Holiday Food Traditions


A bûche de noël cake

Faith Smith, Community

All over the world, people celebrate Christmas. A variety of traditional foods are made at this time of year. Some are tasteful side dishes, like apple and sausage stuffing from Germany. And, of course, there are wonderful desserts like bûche de noël from France and buñuelos from Latin America. Most cultures have the same main dish for Christmas: turkey. Others have duck, ham, goose, or lamb. Dinner wouldn’t be complete without drinks, like malt og appelsín from Iceland. Everyone has their own Christmas food traditions. Many different cultures often influence these traditions. 

Each country has its own ‘traditional Christmas cookie’; for Germany, it’s heidesand (brown butter shortbread cookies). This cookie is tender and buttery, with a nutty, caramelized flavor from the brown butter. In France, it’s their chocolate truffles, a combination of crème fraiche (similar to sour cream but heavier and slightly milder), vanilla, and cocoa covered with melted chocolate. Latin America has a delicious, buttery cookie, similar to shortbread cookies, called polvorones. And last but not least, Iceland has a cookie similar to gingersnaps: piparkökur or pepper cookies.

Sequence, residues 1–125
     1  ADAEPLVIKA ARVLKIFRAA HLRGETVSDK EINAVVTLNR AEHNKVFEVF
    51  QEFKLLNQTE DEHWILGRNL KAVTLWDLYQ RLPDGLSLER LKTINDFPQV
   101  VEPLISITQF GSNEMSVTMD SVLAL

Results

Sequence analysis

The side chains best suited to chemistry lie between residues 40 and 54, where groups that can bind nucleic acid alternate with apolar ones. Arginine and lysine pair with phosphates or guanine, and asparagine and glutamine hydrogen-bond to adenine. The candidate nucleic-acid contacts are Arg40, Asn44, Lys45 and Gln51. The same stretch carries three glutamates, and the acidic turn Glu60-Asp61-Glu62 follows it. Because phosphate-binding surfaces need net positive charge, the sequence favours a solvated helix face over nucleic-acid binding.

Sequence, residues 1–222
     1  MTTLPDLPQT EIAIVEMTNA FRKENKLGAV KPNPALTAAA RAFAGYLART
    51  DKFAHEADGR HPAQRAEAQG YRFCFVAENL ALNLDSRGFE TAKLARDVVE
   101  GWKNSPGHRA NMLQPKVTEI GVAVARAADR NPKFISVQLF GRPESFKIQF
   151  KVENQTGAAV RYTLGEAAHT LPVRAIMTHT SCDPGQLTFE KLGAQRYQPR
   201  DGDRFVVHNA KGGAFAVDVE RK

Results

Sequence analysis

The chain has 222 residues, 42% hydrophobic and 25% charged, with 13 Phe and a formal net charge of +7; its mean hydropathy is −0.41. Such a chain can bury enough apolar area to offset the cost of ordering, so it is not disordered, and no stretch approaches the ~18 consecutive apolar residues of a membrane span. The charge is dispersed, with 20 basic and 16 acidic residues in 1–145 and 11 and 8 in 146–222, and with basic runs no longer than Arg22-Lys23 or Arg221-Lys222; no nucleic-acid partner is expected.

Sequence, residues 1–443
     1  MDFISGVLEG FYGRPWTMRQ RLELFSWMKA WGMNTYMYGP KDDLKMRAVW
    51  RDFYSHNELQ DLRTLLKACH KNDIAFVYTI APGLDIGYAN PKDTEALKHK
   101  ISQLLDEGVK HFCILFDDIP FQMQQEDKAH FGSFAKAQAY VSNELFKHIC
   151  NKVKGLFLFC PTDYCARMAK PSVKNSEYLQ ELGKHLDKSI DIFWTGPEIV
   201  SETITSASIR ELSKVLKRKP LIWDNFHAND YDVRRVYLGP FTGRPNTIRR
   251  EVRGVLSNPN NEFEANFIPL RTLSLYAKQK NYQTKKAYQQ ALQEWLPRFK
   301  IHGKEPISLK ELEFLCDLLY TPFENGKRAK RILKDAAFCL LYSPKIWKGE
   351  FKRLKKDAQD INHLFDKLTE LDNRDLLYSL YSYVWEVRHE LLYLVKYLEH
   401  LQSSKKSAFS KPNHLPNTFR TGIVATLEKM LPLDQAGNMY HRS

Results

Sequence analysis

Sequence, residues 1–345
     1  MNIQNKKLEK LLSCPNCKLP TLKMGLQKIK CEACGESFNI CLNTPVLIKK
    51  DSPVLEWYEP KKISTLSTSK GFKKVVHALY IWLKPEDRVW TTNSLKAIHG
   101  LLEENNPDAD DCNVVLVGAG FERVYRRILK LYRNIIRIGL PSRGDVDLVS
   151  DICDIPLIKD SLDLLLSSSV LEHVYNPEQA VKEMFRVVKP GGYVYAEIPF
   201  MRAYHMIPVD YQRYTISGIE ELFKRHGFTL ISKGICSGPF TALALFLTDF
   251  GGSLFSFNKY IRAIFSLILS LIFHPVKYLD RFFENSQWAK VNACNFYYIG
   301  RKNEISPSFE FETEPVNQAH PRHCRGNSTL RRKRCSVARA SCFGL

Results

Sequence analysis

Not all food traditions are influenced by culture. The first weekend of December at my house consists of decorating and making Muddy Buddies, a combination of Chex cereal, peanut butter, and chocolate covered in powdered sugar. My family usually has to make a large batch because of how good it is. Another holiday food tradition is boxes of cookies to give as gifts. Sugar cookies are, of course, a staple of Christmas sweets and are a treat I enjoy making. Another cookie in the cookie boxes is a maple pecan thumbprint cookie; a simple shortbread cookie pressed into chopped pecans with a thumb-sized indent in the center filled with a maple flavored frosting. Although it’s not a cookie, homemade fudge is a third sweet in the boxes. We usually add another cookie, but it changes by year. Last year it was chocolate-peppermint macarons. Another time it was rolos between pretzels.

No matter your culture we are all connected by delicious food traditions during the holiday season. It could be making food together, sharing it with friends and family, or simply knowing that there’s someone out there who shares a similar tradition to you. There is no denying that love for food is universal.